SIA Chair, Dr Rupert Earl, shares our priorities for 2019
In 2019, SIA will mark its 45th birthday. Though we will pause for a moment to reflect on how far we’ve come as a community – the Disability Discrimination Act and the later Equalities Act, our primary focus this year is for every SCI person to get the care and support they need to lead a fulfilled life. It’s a big ambition, but necessary, indeed essential. The frequently poor experiences of SCI people – in access, employment, or care – must end and we fully expect that 2019 will be our busiest year ever.
So, this year our priorities must be ambitious, prosecuted with gritty determination and really reflect what matters to SCI people. As always, the needs of SCI people will be front and centre of everything we do.
Our campaign to end the postcode lottery of care provision that so many severely disabled people experience will be accelerated, starting with a round table event in February attended by senior politicians. The government is planning to cut expenditure on NHS Continuing Healthcare by £855million by 2020/21 yet it is hard to see how this can be done without cutting the care provided to severely disabled people. That’s potentially unsafe and certainly poorly thought through. Anecdotal evidence suggests its already happening. We’ve compelling ideas – well thought through and realistic – on how SCI people can get the care they need and deserve and we’ll be taking those ideas to politicians and the NHS.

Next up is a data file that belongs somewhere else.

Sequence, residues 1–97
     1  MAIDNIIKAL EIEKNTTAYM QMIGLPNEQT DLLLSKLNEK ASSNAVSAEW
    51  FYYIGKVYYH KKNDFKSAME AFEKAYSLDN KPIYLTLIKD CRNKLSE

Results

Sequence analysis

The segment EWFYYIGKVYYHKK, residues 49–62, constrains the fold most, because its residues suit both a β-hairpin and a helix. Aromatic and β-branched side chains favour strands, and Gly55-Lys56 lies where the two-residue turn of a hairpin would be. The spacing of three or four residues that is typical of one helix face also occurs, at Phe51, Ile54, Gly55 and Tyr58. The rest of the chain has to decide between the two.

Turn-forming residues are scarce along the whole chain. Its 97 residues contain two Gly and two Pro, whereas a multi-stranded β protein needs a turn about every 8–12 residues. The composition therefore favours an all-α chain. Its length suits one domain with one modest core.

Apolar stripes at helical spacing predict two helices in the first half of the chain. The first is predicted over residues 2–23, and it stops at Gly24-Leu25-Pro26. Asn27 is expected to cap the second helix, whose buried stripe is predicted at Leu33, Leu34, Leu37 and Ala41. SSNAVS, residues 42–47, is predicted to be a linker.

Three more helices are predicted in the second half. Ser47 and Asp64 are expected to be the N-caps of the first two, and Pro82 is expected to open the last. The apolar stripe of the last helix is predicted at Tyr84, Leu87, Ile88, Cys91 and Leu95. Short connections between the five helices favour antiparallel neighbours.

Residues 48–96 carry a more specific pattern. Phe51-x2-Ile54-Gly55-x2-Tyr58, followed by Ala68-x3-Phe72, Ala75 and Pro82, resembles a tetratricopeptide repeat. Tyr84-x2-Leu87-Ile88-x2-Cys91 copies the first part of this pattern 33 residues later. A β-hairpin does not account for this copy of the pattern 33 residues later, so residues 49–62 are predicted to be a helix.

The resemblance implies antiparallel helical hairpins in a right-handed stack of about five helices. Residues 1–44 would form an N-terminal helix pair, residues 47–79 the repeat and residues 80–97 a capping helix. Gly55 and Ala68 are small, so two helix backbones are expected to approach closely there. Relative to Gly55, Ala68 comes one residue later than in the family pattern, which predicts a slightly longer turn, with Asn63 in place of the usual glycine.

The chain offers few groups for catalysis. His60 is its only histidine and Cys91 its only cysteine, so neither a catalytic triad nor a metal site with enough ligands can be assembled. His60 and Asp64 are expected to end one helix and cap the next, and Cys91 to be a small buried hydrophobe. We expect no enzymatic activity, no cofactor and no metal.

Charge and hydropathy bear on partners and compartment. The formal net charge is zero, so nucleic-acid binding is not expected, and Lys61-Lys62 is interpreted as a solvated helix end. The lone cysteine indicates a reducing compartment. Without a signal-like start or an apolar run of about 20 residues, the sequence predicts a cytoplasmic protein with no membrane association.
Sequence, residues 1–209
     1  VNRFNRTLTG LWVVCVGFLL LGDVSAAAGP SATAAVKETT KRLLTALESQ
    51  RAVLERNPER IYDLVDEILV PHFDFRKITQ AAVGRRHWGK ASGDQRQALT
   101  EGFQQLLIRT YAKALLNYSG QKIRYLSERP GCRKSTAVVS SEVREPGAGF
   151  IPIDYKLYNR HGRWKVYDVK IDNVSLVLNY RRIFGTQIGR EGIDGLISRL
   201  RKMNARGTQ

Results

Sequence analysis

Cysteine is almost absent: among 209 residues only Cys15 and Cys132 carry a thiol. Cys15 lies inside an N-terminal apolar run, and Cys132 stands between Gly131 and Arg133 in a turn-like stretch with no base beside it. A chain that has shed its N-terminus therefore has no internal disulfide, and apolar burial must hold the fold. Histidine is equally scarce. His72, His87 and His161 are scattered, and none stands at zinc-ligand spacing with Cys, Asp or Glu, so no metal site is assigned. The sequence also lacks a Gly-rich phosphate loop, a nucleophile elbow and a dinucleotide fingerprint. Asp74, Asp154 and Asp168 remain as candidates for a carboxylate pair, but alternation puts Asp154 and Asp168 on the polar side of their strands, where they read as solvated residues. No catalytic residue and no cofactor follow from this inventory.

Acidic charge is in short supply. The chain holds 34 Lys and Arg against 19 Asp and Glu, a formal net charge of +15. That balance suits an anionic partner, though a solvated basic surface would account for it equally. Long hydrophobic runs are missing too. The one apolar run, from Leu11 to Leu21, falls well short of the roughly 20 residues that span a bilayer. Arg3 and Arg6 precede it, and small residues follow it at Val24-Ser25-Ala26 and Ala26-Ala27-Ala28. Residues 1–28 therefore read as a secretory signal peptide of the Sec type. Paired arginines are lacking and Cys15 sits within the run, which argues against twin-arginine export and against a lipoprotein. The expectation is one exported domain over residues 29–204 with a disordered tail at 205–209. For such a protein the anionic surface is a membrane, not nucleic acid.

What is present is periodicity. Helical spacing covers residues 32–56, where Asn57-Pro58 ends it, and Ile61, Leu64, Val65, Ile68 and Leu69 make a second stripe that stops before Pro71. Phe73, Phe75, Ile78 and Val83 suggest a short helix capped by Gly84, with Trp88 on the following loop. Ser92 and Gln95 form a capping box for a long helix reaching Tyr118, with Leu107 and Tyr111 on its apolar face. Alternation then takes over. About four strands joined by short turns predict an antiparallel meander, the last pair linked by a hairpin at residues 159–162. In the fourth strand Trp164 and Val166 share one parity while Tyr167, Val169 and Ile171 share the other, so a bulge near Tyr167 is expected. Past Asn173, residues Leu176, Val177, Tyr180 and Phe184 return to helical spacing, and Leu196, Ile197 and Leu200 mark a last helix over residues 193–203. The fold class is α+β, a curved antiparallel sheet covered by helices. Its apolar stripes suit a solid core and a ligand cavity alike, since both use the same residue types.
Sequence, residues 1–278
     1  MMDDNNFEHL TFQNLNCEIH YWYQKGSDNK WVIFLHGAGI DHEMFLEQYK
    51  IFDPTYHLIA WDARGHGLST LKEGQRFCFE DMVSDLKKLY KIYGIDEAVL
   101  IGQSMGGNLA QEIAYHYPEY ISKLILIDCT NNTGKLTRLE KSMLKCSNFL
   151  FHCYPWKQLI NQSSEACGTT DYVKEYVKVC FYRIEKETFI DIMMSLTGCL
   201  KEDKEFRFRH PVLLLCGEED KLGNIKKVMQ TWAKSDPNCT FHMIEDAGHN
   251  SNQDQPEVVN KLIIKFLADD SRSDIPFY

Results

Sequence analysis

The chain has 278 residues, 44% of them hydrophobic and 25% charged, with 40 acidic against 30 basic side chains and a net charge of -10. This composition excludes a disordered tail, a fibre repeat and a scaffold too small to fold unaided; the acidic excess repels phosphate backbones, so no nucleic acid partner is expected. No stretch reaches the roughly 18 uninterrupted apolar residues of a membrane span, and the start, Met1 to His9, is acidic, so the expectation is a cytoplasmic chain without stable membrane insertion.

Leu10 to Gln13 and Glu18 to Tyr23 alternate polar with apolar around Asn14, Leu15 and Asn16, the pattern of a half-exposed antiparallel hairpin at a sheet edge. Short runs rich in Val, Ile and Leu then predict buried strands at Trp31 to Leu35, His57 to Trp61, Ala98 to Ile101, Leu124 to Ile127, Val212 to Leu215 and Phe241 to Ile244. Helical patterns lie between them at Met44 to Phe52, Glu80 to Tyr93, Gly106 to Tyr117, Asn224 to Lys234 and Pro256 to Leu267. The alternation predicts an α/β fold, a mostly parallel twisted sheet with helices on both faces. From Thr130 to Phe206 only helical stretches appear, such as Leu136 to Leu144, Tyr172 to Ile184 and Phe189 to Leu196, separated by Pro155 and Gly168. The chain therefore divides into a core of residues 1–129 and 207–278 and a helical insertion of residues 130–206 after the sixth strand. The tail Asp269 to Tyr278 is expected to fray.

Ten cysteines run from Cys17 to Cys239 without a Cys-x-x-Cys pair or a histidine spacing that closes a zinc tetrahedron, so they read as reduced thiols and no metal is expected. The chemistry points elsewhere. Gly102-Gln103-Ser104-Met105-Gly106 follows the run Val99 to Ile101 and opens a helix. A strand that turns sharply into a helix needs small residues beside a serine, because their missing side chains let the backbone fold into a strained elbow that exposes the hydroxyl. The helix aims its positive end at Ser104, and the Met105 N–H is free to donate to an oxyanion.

Every SCI person must get the specialist care and support they need. Beds in specialist SCI centres are being cut, admission times are getting longer and staff shortages increasingly acute. And many SCI aren’t even referred, even though we know that with specialist support, SCI people’s future life chances are greatly increased.
I was in my local NHS University Teaching hospital, a Major Trauma Centre, over Christmas with acute pneumonia and dangerously low plasma sodium levels (acute hyponatraemia). Though I received life-saving, ‘state of the art’ respiratory care (and my PAs were fully integrated into my care in hospital, being allowed to give medications as they do at home, deliver bowel care and receive training on assisted coughing and chest percussions) , my fellow members frequently share harrowing accounts of their own experience when in District General Hospitals, specifically around bowel management. Our efforts in this vital area will be around ensuring that every NHS Trust has the policies in place to deliver safe bowel care to every SCI person. Bizarrely, despite the quality of my respiratory care, I couldn’t get anyone to change my overdue supra-pubic catheter…but that’s an issue for another day!
Our Peer Support Officers and Advocacy team are at the forefront of support to SCI people. I am immensely proud of the way that every day they provide hope, confidence and practical skills – on subjects as varied as housing and access to health and social care provision – to SCI people and their families and friends. Yet more people than ever need our help and we’ll be continuing to develop the service to reach those who need our help the most.
Finally, our own systems and processes must be “match fit” for the challenges ahead. We’re delivering on plans around our financial management and IT, project management and evaluation, and our staff and volunteers which together will make us better able to deliver on the priorities above.
2019 will certainly be a demanding year – I wouldn’t expect anything less. Yet I am certain that by working together and with our new CEO, Nik Hartley, at the helm we can make a huge impact on the lives of SCI people. And that’ll certainly be worth the effort. Happy New year to You!